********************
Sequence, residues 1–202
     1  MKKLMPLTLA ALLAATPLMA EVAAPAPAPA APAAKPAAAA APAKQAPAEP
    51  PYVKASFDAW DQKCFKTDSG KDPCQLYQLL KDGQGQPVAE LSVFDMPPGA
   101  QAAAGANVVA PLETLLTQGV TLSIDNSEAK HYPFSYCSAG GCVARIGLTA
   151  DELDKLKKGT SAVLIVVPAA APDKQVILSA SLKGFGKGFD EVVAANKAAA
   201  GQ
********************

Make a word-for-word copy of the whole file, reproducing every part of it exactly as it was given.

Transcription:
Sequence, residues 1–202
     1  MKKLMPLTLA ALLAATPLMA EVAAPAPAPA APAAKPAAAA APAKQAPAEP
    51  PYVKASFDAW DQKCFKTDSG KDPCQLYQLL KDGQGQPVAE LSVFDMPPGA
   101  QAAAGANVVA PLETLLTQGV TLSIDNSEAK HYPFSYCSAG GCVARIGLTA
   151  DELDKLKKGT SAVLIVVPAA APDKQVILSA SLKGFGKGFD EVVAANKAAA
   201  GQ